Another advantage is that LKMs help you diagnose system problems. A bug in a device driver which is bound into the kernel can stop your system from booting at all. And it can be really hard to tell which part of the base kernel caused the trouble. If the same device driver is an LKM, though, the base kernel is up and running before the device driver even gets loaded. If your system dies after the base kernel is up and running, it's an easy matter to track the problem down to the trouble-making device driver and just not load that device driver until you fix the problem.
LKMs can save you memory, because you have to have them loaded only when you're actually using them. All parts of the base kernel stay loaded all the time. And in real storage, not just virtual storage.
LKMs are much faster to maintain and debug. What would require a full reboot to do with a filesystem driver built into the kernel, you can do with a few quick commands with LKMs. You can try out different parameters or even change the code repeatedly in rapid succession, without waiting for a boot.
LKMs are not slower, by the way, than base kernel modules. Calling either one is simply a branch to the memory location where it resides. 
Sometimes you have to build something into the base kernel instead of making it an LKM. Anything that is necessary to get the system up far enough to load LKMs must obviously be built into the base kernel. For example, the driver for the disk drive that contains the root filesystem must be built into the base kernel.
There is a tendency to think of LKMs like user space programs. They do share a lot of their properties, but LKMs are definitely not user space programs. They are part of the kernel. As such, they have free run of the system and can easily crash it.
There are six main things LKMs are used for:
Device drivers. A device driver is designed for a specific piece of hardware. The kernel uses it to communicate with that piece of hardware without having to know any details of how the hardware works. For example, there is a device driver for ATA disk drives. There is one for NE2000 compatible Ethernet cards. To use any device, the kernel must contain a device driver for it.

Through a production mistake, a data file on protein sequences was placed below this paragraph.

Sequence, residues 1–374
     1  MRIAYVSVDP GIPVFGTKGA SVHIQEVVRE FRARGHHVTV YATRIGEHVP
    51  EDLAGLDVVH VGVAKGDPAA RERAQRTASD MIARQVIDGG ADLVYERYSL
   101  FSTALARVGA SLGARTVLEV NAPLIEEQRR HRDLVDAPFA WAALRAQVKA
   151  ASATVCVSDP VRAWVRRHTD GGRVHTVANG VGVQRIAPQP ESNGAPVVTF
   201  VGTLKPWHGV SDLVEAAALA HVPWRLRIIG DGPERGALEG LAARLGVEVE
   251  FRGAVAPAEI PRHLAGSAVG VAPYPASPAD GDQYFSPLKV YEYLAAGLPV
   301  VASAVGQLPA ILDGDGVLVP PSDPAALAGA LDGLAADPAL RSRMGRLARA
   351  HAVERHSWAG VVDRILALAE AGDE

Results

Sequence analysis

Filesystem drivers. A filesystem driver interprets the contents of a filesystem (which is typically the contents of a disk drive) as files and directories and such. There are lots of different ways of storing files and directories and such on disk drives, on network servers, and in other ways. For each way, you need a filesystem driver. For example, there's a filesystem driver for the ext2 filesystem type used almost universally on Linux disk drives. There is one for the MS-DOS filesystem too, and one for NFS.
System calls. User space programs use system calls to get services from the kernel. For example, there are system calls to read a file, to create a new process, and to shut down the system. Most system calls are integral to the system and very standard, so are always built into the base kernel (no LKM option). But you can invent a system call of your own and install it as an LKM. Or you can decide you don't like the way Linux does something and override an existing system call with an LKM of your own.
Network drivers. A network driver interprets a network protocol. It feeds and consumes data streams at various layers of the kernel's networking function. For example, if you want an IPX link in your network, you would use the IPX driver.
TTY line disciplines. These are essentially augmentations of device drivers for terminal devices.
Executable interpreters. An executable interpreter loads and runs an executable. Linux is designed to be able to run executables in various formats, and each must have its own executable interpreter.
For the pedantic, see Section 10.7.